I need to limit a signal to the following range:
[-0.25V, 0.25V]. This signal is comming from a shunt resistor in series with a load with variable impedance on a
220V power grid.
The project contemplates loads up to 1A peak, but I can't guarantee this restriction will be obeyed all the time. But I need to guarantee the resulting voltage don't exceed the specified range.
To give a small guarantee, I'm using a shunt whose equivalent resistence is approximately
0.235 ohms, which generates a voltage slightly below the limit when
1A is consumed.
I cannot use normal diodes because its forward voltage is too high. I've tried to use two low forward voltage Schottky diodes (BAT46), but didn't worked in my simulations.
How can I do this? I need a solution that uses simple components, because where I live they don't have a big component variety and to buy those components on the internet it takes more than one month to arrive. I already have this BAT46 I mentioned.
Here is my current schematic:
R_ICis the IC's input pin impedance, according to its datasheet.
R_LOADis the already mencioned variable load. In most circumstances, it will consume less than
1Apeak, in another words, its "average" impedance will always be above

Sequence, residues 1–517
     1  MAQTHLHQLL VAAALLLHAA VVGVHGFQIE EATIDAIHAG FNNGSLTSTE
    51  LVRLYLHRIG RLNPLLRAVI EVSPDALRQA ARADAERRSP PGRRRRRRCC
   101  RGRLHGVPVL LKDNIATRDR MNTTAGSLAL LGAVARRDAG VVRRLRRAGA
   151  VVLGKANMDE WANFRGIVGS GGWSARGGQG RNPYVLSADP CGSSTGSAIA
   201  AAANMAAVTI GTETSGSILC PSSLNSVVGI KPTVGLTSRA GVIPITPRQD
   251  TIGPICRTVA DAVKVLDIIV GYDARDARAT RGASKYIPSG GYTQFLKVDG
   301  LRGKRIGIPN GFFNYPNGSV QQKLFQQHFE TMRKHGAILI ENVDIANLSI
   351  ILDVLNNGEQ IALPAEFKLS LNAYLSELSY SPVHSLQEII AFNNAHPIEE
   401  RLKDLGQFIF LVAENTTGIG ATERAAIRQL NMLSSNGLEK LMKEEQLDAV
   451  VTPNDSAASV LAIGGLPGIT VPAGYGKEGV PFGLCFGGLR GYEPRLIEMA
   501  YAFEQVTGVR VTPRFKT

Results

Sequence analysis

311 ohms. But I'm trying to avoid the range of the input pin to be exceeded in possible peaks (when the load is connected, for example).
Since I've asked the question last night, I kept searching for alternatives. I found a clipping circuit voltage in a Malvino and Bates' book. The difference compared to my original circuit is the presence of
R_C resistor. The book says that its value should be somewhere around 1% of the load value (which in this case is
I must say that the simulation result improved considerably with the presence of the
R_C. And I think I understand its purpose: it is to "consume" the potential difference that exceeds the threshold that the diodes will establish. But still the established limit is not being respected.
I'm open to suggestions on how to ensure that the limit is obeyed with less "tolerance." But as I said, I need solutions that use simple components (diodes, transistors, op amps, etc).
Now I'm offering a little bounty (in accordance to my low reputation).
I looked for other solutions and I managed to assemble the following circuit:
Now I'm using "normal" diodes (forward voltage about
0.6V). The first stage of opamps are to don't mess with equivalent resistance (I think this is officialy known as "impedance transformation"). The second opamp is to invert the bias.
This way I can "remove" voltage from the diodes and put them in short with less voltage.
As you can see, this apparently works (input on the left, output on the right):
But when the input is below the threshold, the output is slightly lower than the input:
This isn't a real problem, but if I can avoid it, it would be better.
Now... the questions:
- First of all, will this work?
- I've used this simulator because it is very simple. But I didn't choose a opamp. The only opamp that I know is the 741. What opamps can you recommend to me?
- About the diodes... 1N400x serves this purpose?
- How can I make negative supply for all opamps?
- How can I better calibrate the components values to get even closer to the threshold?